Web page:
Since Christmas is on the way, I thought it a good time to look back at why Joe Hill’s novel NOS4A2 works. In the novel, Hill appropriates Christmas, a day that’s about as wholesome as wholesome (whatever that means) as it gets and twisting it to his own ends. Hill finds horror in the tropes of Christmas trees and ornaments and most notably the music, and shows us that by skewing the familiar it’s possible to create something as horrific as any slavering, bestial monster.
The novel’s villain, Charles Talent Manx III, serves as Hill’s proxy in this subversion of American values. A long-lived “road vampire” who extends his own life by kidnapping children, sucking the life out of them and dumping them in an “inscape,” Manx takes the pageantry of Christmas and turns it into something terrifying, going so far as using Christmas ornaments to trap the children.
So why is this scary? There are two primary reasons. First, because it is unexpected--the symbols of Christmas are synonymous with joy and little else in the minds of most. And second, because it subverts the sources of safety we have in our lives. This is one of the reasons The Shining works so well--it takes the concept of the father, the strong, benevolent protector of the nuclear family, and turns him into the destroyer instead. Ordinarily Jack Torrance should be protecting his wife and child from the horrors of the world, but instead he is subsumed by them. Even before they reach the Overlook, Jack is abusive to Danny, breaking his arm in a drunken rage. And once they reach the hotel, the supernatural forces at work key in on Jack’s natural weakness. By the end of the book, the institution of fatherhood and the supposed safety it provides is in tatters.
Hill takes a cue from his own alcoholic father here, with Christmas serving the role of fatherhood. Christmas is a time of joy in most people’s lives, as present and carols conspire to make children and their parents feel safe. Nothing bad happens at Christmas, right?
However, that’s not the Christmas experience for everyone. Christmas can become a time where you can’t get out of the house, where you’re subjected to various forms of slow torture at the hands of your family. It’s telling that the heroine of the book, Vic McQueen, is from a broken home herself. Christmas doesn’t have the same power that it does for everyone else, because she’s never really been safe at home. Not from feeling as though the fraying relationship between her parents is her fault, or witnessing her father’s abuse. She’s not one to look for refuge in symbols, and so when those symbols turn out to have sharpened teeth instead of friendly smiles, she’s able to prevail in the end.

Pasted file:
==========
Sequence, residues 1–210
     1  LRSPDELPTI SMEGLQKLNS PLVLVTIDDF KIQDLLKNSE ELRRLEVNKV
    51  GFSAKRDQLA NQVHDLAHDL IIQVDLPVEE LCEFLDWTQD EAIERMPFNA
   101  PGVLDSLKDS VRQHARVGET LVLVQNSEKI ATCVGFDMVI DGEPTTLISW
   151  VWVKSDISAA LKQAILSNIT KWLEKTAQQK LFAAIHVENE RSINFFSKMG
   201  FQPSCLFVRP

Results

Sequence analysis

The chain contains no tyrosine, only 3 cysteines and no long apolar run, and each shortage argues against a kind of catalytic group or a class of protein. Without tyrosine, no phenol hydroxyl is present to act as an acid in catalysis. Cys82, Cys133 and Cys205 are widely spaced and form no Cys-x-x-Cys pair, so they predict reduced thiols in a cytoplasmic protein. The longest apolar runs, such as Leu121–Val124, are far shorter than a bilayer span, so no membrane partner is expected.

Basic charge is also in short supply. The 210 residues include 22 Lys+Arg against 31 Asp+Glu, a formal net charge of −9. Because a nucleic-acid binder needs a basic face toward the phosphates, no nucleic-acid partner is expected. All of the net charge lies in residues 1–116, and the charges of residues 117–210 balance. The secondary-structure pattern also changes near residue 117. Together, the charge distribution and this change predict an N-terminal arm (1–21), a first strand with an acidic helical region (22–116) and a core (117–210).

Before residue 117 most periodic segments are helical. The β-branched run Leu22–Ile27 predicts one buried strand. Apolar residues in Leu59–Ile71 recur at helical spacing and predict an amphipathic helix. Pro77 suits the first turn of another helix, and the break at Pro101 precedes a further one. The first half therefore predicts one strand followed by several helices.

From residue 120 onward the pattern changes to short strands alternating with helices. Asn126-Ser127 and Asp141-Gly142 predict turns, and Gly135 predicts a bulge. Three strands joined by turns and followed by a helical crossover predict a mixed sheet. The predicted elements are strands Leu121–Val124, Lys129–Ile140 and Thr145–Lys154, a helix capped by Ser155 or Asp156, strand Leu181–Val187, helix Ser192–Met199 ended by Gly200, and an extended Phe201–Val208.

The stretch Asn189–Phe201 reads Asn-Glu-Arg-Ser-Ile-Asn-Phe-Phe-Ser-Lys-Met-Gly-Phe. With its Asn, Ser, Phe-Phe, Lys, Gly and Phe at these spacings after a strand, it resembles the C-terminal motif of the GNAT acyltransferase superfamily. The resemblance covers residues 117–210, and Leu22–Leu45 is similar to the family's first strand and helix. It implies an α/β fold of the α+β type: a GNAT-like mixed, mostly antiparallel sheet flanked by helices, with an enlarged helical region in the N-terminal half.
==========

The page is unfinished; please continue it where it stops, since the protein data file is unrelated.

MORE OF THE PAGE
Interestingly, NOS4A2 engages almost exclusively with the trappings, rather than the substance, of Christmas. There are few allusions to the religious underpinnings of the holiday, beyond mentions of songs like “Joy to the World” which would be just as home in a Macy’s as it would in a church during the season. For Charlie Manx, Christmas is about Santa and reindeer and snowmen, to the point where his inscape is Christmasland, a theme park--the only way Hill could have emphasized the commerciality inherent in Manx’s perversion of the holiday would be to make his inscape a mall. Interestingly enough, this is one of the few works I’ve read that engages with Christmas but doesn’t feel like a Christmas story, partially because of the lack of engagement with the religious or squishy Hallmark sentimentality aspects, but also because half the book takes place in the summer, and much of the unease is generated through the presence of Christmassy things where they don’t belong (a holiday song playing on the radio over July 4th weekend, for example). The story is less about a family coming together during Christmas, but a family being haunted by Christmas. In a way the holiday becomes as much of the villain as Charlie Manx.
NOS4A2, through its subversion of Christmas tropes, plays to our fear that the things we perceive to be good are really not. All gold is fool’s gold, and there is no refuge to be found in the world. There are a near-infinite number of ways that writers can reproduce this feeling--from perverting the role of a parent, to taking something children love (Christmas, ice cream, clowns) and either making it dangerous, or revealing the inherent danger in the supposedly innocuous thing, like lawn darts, or even the detachable missile in the original Kenner Boba Fett action figure’s backpack. Show the reader how even a balloon animal can cut them, and your work will linger in that reader’s mind.